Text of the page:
It was not to be.

After his talk, Morrison happily signed my copy of the UK Batman 86 annual and pointed out that Bryan Talbot had painted the end papers and that Talbot was around somewhere if I could find him. I couldn't see him around so met up with my wife and headed to the beer tent where Neil Gaiman was judging a literary deathmatch thing. We got sloshed.

As we were leaving at the end of the night I spotted the distinct figure of Bryan Talbot out on the pavement and asked if he would be so kind as to sign my book. It turned out that he hardly remembered painting the piece and was delighted to be reminded of it. One of my favourite things of last year was his northern accent declaring to his wife - "Mary! Look at this! Batman riding a shark!"


Anyway, Moore was also a perfect gent when I met him but I was wary enough to only bring my copy of Voice Of The Fire for him to sign.

Why can't they all just get along?


( To complete the set Laura Sneddon recently walk passed me at a bus stop. Do i win a no-prize?)
posted by gnuhavenpier at 3:35 AM on January 10 [7 favorites]


Are there scholars for such a small realm?

I'm assuming that was tongue-in-cheek, but have you read Tardis Eruditorium? If there's anyone running pellmell towards enlightenment-by-long-running-tv-series it's him.

(FWIW, Sandifer appears to be an professional scholar who's turned his attentions to Doctor Who and, now, Moore/Morrison. I don't think his PHD was in Doctor Who, I think it was in Blake, but I might be wrong, and it was certainly more traditionally directed. He does reference Blake a lot.)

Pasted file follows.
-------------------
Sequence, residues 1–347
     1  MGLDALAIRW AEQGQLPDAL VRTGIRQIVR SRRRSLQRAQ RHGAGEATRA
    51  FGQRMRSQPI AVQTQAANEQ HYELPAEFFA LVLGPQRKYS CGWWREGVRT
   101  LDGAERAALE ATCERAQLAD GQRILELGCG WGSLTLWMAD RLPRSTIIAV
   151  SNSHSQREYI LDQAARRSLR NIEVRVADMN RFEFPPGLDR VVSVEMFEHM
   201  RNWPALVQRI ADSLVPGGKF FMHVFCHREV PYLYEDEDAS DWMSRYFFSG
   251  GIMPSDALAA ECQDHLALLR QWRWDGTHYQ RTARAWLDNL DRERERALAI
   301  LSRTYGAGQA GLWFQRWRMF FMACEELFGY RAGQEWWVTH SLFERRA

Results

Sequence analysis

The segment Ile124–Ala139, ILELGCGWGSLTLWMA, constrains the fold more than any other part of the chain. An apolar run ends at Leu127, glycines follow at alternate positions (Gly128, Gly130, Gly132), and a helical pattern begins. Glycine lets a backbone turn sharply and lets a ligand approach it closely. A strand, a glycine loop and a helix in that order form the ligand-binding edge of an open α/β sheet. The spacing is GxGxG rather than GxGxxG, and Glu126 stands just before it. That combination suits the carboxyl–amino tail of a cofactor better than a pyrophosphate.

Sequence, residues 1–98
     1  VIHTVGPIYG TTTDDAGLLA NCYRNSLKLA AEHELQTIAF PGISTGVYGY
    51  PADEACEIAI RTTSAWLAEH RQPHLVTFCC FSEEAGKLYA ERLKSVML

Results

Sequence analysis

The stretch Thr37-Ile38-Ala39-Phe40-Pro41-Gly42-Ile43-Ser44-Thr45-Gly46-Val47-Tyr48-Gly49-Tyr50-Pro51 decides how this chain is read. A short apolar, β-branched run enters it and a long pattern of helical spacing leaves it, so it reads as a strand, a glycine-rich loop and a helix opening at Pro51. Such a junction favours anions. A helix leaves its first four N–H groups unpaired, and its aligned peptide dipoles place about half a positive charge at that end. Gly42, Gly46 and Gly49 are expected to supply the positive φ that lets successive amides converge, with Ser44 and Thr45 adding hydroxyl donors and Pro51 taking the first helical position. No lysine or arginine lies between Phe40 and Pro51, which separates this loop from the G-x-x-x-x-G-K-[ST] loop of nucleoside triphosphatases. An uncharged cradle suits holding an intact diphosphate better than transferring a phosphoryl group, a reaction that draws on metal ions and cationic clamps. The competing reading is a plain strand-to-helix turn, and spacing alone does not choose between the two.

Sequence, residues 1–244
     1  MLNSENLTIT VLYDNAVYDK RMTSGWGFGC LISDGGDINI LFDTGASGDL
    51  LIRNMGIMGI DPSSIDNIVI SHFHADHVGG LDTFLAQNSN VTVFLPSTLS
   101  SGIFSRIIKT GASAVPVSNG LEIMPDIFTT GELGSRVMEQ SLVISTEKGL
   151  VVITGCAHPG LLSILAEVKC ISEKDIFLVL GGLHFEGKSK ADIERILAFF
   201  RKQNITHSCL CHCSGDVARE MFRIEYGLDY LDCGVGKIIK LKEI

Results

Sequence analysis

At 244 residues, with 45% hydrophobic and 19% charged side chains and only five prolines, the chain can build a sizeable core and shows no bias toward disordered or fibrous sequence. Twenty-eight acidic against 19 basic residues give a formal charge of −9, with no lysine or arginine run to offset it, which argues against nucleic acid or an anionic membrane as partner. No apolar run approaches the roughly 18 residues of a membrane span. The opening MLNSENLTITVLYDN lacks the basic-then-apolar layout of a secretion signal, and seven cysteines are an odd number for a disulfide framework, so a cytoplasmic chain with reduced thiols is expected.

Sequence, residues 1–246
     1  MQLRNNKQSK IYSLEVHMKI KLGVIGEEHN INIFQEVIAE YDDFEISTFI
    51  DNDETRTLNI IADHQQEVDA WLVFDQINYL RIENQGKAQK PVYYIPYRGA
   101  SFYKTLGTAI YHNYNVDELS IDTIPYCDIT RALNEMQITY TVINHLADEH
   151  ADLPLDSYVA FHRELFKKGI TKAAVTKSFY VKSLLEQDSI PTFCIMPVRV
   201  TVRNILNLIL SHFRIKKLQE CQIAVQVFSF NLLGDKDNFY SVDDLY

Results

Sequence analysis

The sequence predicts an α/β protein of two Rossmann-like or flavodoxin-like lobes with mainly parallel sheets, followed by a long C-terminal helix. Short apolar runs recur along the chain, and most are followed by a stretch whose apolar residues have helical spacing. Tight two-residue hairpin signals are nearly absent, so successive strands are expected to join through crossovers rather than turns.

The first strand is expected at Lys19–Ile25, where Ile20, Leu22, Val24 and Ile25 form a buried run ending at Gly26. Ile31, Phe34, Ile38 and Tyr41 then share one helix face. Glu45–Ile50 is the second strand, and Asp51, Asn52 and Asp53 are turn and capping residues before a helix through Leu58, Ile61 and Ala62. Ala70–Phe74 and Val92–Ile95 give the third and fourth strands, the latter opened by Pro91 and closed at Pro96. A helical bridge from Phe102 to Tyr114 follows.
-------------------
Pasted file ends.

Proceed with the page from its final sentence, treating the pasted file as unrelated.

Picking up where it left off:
posted by Grangousier at 3:39 AM on January 10


No.
You have to run up to her and cast Lightning Bolt.
posted by Mezentian at 3:40 AM on January 10


I'm assuming that was tongue-in-cheek, but have you read Tardis Eruditorium?

I am completely unsure if you got my reference from the long-running-tv-series or not, but I hope the PhD was in Blake's Seven. If not: I have a new academic goal.
posted by Mezentian at 3:41 AM on January 10


Ah, sorry. Am git.
posted by Grangousier at 3:44 AM on January 10


No Enlightenment for you! Or soup!
posted by Mezentian at 3:48 AM on January 10


Ensoupenment.
posted by Grangousier at 3:48 AM on January 10 [2 favorites]


Come to think of it, it was when Dave Sim gave up marijuana and got out more that it all started to unravel, so it's not an automatic panacea.
posted by Grangousier at 3:51 AM on January 10 [1 favorite]


Interesting. I think Moore's decision to stop giving interviews and concentrate on art is actually a very good one, despite the fact that his interviews have always been well worth reading. It will give him more time to make interesting things and provide less ammunition to people who want to attack him.